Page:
"The symptoms of this crisis of the American spirit are all around us. For the first time in the history of our country a majority of our people believe that the next five years will be worse than the past five years. Two-thirds of our people do not even vote. The productivity of American workers is actually dropping, and the willingness of Americans to save for the future has fallen below that of all other people in the Western world."
-- President Jimmy Carter, national television address, July 15, 1979
When Jimmy Carter delivered that astonishing bit of national navel-gazing -- which would later be termed his "malaise speech" -- I reacted pretty much as most Americans. I gave him points for honesty.
If you dust off the microfiche you will discover that the speech was Topic A in the July 16 newspapers, crowding out other news items like the continued fallout from Disco Demolition Night three days earlier, and the election of a young up-and-comer as president of Iraq. The editorial reviews were largely positive, and Carter enjoyed a moderate bump in his public approval rating.
What, after all, could you argue with? In 1979 the country was running low on future, and the first step to wellness is to recognize you have a problem. That shiny Tomorrowland promise of postwar America had become an unintentional joke, as laughable as a 1952 Sex Ed film. The New Frontier increasingly looked like a vain effort to collect a few moon rocks. The National Spirit had bloated and OD'd on the toilet like Elvis in a bicentennial jumpsuit.
So no, I didn't fault Jimmy Carter when he bemoaned our empty addiction to consumption. The stuff we consumed was pretty shabby; vinyl roof Ford Granadas and Scooby Doo, CB anthems and Quiana shirts. Our taste in leaders was even worse; when you elect four straight failures into the White House, the problem isn't them, it's us. Although Carter was one of those failures, at least he had the courage to call us on it.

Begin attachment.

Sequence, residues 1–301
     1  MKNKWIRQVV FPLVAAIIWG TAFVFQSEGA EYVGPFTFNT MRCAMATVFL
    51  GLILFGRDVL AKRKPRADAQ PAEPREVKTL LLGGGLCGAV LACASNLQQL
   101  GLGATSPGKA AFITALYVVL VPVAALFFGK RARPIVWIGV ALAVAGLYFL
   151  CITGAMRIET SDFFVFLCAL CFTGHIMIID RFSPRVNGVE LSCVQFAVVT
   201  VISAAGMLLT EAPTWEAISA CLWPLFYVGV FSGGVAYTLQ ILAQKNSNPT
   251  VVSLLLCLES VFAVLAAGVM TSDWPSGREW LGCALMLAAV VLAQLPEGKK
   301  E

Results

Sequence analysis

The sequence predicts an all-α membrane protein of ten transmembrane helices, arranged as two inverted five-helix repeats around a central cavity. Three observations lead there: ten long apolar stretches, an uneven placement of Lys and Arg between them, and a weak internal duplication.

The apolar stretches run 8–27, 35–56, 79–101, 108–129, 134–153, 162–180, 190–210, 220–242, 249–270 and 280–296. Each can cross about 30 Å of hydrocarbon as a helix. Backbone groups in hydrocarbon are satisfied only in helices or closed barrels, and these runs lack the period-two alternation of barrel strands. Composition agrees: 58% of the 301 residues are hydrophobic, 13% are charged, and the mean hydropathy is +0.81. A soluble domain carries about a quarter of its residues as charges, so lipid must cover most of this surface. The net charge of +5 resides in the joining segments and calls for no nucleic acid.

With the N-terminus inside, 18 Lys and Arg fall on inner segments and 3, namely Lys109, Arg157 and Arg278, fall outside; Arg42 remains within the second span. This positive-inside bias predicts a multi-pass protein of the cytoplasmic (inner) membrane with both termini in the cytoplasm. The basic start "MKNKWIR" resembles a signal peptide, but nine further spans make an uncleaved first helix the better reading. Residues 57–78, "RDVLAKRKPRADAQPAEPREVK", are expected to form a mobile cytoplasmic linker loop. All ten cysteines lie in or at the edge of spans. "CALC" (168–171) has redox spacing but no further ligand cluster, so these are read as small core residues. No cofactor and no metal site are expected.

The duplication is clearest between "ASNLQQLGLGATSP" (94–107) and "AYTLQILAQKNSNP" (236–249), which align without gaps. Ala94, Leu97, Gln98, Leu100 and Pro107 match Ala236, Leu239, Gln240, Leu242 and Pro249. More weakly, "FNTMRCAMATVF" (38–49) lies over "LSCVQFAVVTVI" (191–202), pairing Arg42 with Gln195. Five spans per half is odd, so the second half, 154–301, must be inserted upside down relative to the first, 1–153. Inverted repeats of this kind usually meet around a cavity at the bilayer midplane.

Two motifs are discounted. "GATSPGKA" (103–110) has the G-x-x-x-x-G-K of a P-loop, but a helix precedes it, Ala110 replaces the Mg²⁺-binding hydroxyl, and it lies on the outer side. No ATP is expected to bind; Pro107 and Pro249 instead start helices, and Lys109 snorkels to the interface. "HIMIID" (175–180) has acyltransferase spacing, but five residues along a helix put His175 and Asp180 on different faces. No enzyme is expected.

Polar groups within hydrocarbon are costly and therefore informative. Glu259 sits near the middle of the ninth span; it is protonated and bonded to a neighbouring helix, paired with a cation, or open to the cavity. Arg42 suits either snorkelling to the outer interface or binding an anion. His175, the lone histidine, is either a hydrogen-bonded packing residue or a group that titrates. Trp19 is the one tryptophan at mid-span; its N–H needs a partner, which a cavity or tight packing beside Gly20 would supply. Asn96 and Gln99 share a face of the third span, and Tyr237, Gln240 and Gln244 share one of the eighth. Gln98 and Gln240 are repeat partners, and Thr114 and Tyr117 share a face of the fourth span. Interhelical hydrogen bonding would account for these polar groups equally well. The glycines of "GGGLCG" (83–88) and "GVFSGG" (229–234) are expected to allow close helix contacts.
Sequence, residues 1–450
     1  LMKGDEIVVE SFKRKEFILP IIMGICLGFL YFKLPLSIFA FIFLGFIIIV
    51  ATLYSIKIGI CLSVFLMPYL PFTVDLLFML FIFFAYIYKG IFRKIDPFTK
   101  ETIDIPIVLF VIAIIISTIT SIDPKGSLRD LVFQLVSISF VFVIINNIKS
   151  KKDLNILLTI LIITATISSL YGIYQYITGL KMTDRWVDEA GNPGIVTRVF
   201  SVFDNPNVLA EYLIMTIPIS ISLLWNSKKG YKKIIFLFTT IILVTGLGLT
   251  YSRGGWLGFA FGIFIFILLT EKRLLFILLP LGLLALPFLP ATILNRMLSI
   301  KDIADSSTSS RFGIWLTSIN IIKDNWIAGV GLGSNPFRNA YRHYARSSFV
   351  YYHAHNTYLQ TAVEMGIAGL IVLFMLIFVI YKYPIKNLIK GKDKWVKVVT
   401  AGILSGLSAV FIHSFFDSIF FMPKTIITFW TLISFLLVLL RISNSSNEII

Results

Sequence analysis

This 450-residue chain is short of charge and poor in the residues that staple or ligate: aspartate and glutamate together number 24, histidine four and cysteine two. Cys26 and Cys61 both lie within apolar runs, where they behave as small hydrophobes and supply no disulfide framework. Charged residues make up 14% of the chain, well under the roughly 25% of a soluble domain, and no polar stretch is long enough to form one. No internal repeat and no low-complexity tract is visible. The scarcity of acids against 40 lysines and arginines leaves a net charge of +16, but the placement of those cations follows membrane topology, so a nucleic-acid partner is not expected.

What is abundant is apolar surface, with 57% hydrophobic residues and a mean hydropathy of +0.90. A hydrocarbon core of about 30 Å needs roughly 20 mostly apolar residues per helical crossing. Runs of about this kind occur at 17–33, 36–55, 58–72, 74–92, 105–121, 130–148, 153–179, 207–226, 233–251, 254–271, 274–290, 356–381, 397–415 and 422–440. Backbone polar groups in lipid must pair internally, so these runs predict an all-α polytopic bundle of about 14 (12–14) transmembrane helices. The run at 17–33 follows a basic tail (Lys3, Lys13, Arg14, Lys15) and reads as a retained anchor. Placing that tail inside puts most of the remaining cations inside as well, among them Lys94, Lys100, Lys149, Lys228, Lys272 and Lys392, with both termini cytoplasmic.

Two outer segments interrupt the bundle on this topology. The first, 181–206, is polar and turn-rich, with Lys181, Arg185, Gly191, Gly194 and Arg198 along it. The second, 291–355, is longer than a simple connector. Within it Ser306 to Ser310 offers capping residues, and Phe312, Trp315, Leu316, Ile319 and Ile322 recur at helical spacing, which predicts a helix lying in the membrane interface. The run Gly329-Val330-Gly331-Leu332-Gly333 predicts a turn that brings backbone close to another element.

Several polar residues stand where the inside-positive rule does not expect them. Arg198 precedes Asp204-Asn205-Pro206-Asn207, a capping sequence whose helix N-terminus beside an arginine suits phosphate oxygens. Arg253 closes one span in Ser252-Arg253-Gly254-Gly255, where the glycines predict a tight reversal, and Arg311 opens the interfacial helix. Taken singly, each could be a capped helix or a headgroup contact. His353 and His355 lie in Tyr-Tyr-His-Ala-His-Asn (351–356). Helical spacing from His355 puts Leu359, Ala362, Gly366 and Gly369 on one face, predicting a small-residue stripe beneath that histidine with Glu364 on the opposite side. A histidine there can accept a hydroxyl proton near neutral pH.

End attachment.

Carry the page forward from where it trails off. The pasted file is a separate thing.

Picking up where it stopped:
Maybe he was right. We needed to buck up, work together, psychologically adjust to the new realities. We needed a careful 6-point federal plan to manage our dwindling reserves of future. Less is more, small is beautiful. Some parts are edible. It was disappointing, but thank God we didn't elect that senile right wing Dr. Strangelove B-movie actor from California, whazzisname, in '76.
I was 18 at the time, a staunch Democrat like Dad and Grampa, and I sincerely believed all of it. I was riveting livestock trailers together for $4.75 an hour; after taxes and Machinist Union dues, six hours' wages might fill the tank on my Nova SS. At the end of the week, maybe a dime bag or a Ramones LP. I was to begin college in 40 days; why, I wasn't quite sure. It seemed pointless to dwell on things four or five years out.
Today I am twenty five years closer to my death, and yet the future seem a thousand times bigger and grander and more glorious than it did to me in July 1979. And I credit a washed-up B movie actor who naively insisted, against all available data, that the future wasn't limited.
It took until 1984, but I eventually came to accept the simple lesson that Ronald Reagan knew all along: the future doens't just happen. We can create it.
Thanks Teach, and Godspeed.